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Free and open to the public


CREOL, Room 102


For over 30 years computational chemistry methods have been successfully applied to characterize various molecules and their interactions. Unique properties of nanomaterials have created new challenges for computational chemists - the large (in molecular scale) size of nanoparticles prevents using in such studies rigorous quantum mechanical methods, however their distinctive characteristics require application of accurate calculations.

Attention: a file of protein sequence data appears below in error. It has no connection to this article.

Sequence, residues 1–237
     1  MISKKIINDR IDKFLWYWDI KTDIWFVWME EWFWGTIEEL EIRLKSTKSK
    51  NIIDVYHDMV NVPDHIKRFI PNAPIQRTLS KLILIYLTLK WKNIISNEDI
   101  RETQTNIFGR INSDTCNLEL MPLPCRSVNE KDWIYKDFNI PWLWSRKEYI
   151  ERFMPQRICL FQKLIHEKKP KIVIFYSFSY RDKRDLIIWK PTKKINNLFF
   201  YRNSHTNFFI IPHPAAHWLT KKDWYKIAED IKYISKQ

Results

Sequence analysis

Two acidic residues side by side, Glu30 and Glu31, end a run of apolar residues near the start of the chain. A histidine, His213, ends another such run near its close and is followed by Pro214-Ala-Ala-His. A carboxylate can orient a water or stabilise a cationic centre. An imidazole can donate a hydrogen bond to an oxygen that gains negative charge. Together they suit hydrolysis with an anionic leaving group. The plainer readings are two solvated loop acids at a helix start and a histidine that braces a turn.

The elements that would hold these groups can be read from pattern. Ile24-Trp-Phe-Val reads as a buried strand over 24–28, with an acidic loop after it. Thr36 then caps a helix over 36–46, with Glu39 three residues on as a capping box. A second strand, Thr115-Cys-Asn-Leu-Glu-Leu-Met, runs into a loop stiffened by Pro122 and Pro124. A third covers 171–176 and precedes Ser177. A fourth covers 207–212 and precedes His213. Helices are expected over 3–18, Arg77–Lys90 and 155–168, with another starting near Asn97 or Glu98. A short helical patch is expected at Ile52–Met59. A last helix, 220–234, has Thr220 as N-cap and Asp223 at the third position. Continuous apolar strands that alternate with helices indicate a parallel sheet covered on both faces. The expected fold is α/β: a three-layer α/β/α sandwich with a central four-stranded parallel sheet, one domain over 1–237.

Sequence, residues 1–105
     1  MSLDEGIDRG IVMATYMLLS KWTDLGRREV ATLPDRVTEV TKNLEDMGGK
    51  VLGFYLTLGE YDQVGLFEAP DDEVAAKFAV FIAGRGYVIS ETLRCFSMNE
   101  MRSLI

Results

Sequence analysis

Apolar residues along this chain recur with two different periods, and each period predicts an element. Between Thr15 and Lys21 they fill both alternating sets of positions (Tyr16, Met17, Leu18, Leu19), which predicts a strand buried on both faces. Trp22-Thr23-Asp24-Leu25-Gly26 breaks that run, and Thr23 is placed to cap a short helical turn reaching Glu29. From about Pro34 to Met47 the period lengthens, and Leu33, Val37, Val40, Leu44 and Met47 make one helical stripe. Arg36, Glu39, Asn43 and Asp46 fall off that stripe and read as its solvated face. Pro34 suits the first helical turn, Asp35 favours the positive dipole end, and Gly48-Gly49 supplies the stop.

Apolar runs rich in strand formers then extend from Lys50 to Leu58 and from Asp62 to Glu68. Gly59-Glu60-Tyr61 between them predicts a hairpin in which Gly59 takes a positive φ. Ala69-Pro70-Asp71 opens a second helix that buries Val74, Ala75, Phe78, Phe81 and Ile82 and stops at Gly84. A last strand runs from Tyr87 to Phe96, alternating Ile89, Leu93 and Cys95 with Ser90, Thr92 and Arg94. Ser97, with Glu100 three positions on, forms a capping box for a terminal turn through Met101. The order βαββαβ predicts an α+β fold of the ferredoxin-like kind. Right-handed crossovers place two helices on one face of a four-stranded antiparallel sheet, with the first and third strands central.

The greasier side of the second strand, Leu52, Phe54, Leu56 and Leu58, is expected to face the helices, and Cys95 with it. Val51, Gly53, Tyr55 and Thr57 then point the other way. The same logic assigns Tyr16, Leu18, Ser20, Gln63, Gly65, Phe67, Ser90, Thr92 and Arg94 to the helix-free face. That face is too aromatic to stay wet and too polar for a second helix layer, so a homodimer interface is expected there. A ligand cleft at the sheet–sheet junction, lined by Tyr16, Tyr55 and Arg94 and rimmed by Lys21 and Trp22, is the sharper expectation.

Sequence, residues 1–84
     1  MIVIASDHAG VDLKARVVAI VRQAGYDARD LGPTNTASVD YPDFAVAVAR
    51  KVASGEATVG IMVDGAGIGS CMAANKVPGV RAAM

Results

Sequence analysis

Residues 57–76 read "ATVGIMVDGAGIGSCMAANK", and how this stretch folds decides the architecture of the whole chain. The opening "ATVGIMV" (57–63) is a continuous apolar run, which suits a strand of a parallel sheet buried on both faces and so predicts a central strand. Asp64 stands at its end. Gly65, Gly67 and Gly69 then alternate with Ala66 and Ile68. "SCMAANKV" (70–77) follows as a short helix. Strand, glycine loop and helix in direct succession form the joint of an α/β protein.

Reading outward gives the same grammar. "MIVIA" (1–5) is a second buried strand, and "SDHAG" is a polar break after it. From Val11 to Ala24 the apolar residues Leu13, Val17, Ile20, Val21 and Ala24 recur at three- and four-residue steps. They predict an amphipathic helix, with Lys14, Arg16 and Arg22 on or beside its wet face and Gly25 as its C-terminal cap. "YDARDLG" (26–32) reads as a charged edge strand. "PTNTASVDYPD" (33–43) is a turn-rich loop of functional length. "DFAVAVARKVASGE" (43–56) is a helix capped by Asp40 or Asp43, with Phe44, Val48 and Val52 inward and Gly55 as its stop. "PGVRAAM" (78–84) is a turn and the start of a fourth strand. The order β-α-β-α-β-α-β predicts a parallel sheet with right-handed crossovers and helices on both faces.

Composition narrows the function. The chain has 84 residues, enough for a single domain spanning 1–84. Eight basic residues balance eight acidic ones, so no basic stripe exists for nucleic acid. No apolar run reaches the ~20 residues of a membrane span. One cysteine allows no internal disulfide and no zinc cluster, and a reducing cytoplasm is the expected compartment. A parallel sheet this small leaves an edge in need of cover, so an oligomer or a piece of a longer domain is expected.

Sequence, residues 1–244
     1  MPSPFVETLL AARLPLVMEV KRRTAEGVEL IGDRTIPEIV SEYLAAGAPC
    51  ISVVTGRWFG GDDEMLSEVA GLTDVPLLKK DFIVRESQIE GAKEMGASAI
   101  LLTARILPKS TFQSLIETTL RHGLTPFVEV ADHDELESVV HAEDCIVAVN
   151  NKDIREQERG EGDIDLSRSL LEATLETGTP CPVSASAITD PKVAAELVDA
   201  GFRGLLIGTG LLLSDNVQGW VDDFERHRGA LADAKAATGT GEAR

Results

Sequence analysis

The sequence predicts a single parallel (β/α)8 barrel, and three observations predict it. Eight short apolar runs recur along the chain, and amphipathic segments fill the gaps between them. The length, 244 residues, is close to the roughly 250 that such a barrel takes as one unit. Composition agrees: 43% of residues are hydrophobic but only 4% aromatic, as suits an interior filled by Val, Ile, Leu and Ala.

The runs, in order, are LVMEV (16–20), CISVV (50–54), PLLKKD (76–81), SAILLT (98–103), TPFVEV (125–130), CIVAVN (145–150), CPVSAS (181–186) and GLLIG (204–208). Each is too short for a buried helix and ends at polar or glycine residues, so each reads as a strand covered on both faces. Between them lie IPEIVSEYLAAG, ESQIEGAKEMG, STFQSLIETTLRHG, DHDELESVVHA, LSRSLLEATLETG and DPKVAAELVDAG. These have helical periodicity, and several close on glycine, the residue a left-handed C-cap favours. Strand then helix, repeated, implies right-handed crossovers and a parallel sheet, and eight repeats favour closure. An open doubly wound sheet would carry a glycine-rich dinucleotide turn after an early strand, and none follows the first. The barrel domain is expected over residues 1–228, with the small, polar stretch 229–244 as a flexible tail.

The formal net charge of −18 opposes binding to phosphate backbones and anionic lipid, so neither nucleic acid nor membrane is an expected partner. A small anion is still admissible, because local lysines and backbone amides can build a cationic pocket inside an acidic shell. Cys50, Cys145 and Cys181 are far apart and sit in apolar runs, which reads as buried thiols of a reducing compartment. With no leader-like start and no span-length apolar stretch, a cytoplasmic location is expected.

This talk highlights our recent accomplishments related to investigation of interactions of nanomaterials with the other vital and challenging class of species - biomolecules. Our methodology incorporates calibration of the DFT approaches for efficient predictions of properties and structures of model species and applications of methods that combine theory with empirical parameters to study phenomena involving larger systems. Investigated biological species include DNA bases and base pairs and among studied nanoparticles are fullerenes, carbon nanotubes, metal and metal oxide clusters. A unique and novel development of Quantitative Structure - Activity Relationships (QSAR) approach for prediction properties of nanospecies and environmental effects of nano-size materials will be also discussed.